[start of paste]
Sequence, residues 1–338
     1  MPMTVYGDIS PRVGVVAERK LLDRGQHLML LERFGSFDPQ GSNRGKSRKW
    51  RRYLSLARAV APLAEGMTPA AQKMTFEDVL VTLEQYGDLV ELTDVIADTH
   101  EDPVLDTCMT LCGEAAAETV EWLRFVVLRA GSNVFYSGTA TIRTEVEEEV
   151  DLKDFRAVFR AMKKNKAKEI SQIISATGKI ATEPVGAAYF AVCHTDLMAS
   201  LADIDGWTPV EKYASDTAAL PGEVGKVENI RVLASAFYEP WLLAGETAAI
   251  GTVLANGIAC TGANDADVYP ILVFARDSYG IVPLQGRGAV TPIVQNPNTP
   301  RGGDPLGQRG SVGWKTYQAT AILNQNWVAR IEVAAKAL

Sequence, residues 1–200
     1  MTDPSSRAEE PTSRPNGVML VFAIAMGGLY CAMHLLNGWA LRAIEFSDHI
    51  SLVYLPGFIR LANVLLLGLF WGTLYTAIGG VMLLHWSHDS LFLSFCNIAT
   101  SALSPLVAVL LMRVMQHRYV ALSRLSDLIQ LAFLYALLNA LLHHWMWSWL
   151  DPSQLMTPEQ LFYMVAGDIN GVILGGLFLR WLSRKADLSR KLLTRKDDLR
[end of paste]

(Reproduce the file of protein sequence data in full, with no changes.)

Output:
Sequence, residues 1–338
     1  MPMTVYGDIS PRVGVVAERK LLDRGQHLML LERFGSFDPQ GSNRGKSRKW
    51  RRYLSLARAV APLAEGMTPA AQKMTFEDVL VTLEQYGDLV ELTDVIADTH
   101  EDPVLDTCMT LCGEAAAETV EWLRFVVLRA GSNVFYSGTA TIRTEVEEEV
   151  DLKDFRAVFR AMKKNKAKEI SQIISATGKI ATEPVGAAYF AVCHTDLMAS
   201  LADIDGWTPV EKYASDTAAL PGEVGKVENI RVLASAFYEP WLLAGETAAI
   251  GTVLANGIAC TGANDADVYP ILVFARDSYG IVPLQGRGAV TPIVQNPNTP
   301  RGGDPLGQRG SVGWKTYQAT AILNQNWVAR IEVAAKAL

Sequence, residues 1–200
     1  MTDPSSRAEE PTSRPNGVML VFAIAMGGLY CAMHLLNGWA LRAIEFSDHI
    51  SLVYLPGFIR LANVLLLGLF WGTLYTAIGG VMLLHWSHDS LFLSFCNIAT
   101  SALSPLVAVL LMRVMQHRYV ALSRLSDLIQ LAFLYALLNA LLHHWMWSWL
   151  DPSQLMTPEQ LFYMVAGDIN GVILGGLFLR WLSRKADLSR KLLTRKDDLR